Canada's talented group is aiming at Rio 2016
MEXICO CITY (AP) Canada is in position to secure a berth to its first Olympic basketball tournament since Sydney 2000, with Andrew Wiggins leading a young team that has been too much to handle in the qualifiers and is aiming to be a surprise in Rio 2016.
Wiggins, the NBA rookie of the year last season for Minnesota, is averaging 15.5 points in the FIBA Americas Tournament. He'll lead a Canadian team that finished first and will play Venezuela in the semifinals with an Olympic spot at stake. In the other semifinal Friday night, Argentina will face Mexico. Canada beat Venezuela by 20 points in the first round and is the heavy favorites to qualify for Rio.
After losing 94-87 to Argentina in its first game of the tournament, Canada has won seven straight - by an average of 27.7 points.
''This Canadian team is something that this tournament has no seen for quite some time,'' Venezuela coach Nestor Garcia said. ''Their talent level is unbelievable.''
Along with Wiggins and Minnesota teammate Anthony Bennett, Canada features another seven NBA players.
But none of those NBA players is as talented as Wiggins, a 20-year-old forward who averaged 16.9 points in his first NBA season.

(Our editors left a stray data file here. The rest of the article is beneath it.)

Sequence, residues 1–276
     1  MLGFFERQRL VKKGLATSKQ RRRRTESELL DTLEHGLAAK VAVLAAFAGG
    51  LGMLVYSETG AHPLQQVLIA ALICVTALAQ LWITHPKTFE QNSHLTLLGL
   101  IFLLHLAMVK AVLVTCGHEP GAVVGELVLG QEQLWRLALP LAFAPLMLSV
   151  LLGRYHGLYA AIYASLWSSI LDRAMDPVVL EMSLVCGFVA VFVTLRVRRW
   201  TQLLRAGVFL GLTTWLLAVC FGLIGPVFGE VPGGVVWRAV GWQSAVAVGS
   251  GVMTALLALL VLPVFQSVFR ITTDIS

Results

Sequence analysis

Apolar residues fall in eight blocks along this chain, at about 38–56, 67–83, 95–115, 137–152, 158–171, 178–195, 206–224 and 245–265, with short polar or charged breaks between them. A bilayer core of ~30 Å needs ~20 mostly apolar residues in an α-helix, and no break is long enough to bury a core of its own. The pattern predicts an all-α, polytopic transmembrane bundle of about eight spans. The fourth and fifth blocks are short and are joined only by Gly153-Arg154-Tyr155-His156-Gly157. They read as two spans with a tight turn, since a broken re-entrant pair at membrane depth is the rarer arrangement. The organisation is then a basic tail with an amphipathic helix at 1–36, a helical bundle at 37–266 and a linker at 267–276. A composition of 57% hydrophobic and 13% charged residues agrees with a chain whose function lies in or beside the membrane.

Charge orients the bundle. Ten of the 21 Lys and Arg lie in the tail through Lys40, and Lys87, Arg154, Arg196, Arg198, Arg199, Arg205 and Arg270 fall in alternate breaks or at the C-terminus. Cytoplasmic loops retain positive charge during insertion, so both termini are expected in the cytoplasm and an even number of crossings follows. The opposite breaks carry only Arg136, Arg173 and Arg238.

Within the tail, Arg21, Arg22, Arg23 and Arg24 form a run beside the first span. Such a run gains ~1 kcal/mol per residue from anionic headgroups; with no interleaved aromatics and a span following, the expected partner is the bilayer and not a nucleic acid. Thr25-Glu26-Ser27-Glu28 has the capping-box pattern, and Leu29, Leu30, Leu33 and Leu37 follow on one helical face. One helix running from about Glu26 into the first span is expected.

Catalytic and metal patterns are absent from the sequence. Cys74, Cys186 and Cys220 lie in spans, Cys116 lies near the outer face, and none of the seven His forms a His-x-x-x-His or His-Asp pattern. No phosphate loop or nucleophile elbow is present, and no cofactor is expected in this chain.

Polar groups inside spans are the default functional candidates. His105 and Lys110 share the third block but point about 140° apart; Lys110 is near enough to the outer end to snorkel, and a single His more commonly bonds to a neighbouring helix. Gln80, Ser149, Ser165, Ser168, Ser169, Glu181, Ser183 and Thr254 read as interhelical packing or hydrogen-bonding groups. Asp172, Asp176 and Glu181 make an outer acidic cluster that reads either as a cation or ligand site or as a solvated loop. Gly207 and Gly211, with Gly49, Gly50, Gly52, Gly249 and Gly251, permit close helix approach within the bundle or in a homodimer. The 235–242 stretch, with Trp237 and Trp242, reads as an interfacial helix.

''He's a great player, and he's adapted and fit into anything that we've asked him to do with our team here,'' Canada coach Jay Triano said. ''He has become one of our leaders, a guy we can run plays for or put him in situations where he can make plays for others.''
Wiggins is the fifth-best scorer in the tournament, but he's averaging only 24.4 minutes. Luis Scola, from Argentina, is the leader at 22.4 points, but he's playing 31.2 minutes per game.
Triano is using the team's depth to rotate players and that has allowed fans in Mexico City to see an improved version of Wiggins.
''I feel better playing shorter minutes because I can make every minute count,'' said Wiggins, who averaged 36.2 minutes in his first NBA season. ''The intensity is higher because I know I don*t have to win it all by myself and that the team will not miss me when I go to the bench.''
Off the field, the team has come together as well.
''They are making sacrifices and doing everything to win a game, they are putting their agendas to one side, they believe in each other and are like a family. That helps on the court because they know they have each other*s back,'' added Triano, an assistant with the Portland Trail Blazers.
The team was assembled by Steve Nash, the former NBA MVP who took over the role of general manager in 2012.
''I feel like this is what I envisioned,'' Nash said. ''There were moments where maybe I wasn't sure it was going to come along this crisply, but I've enjoyed the heck out of it, for sure.''
Nash was the starting point guard for Canada in Sydney 2000, where the team finished seventh.
That team had only two NBA players - Nash and Todd MacCulloch.
With the current talented team, Canada will try to more noise in the Olympics where they only have one medal, a silver won in Berlin 1936.
''I think sky is the limit,'' Nash said. ''Obviously, we have a tremendous amount of talent, great depth and balance but again, it's always in the details''.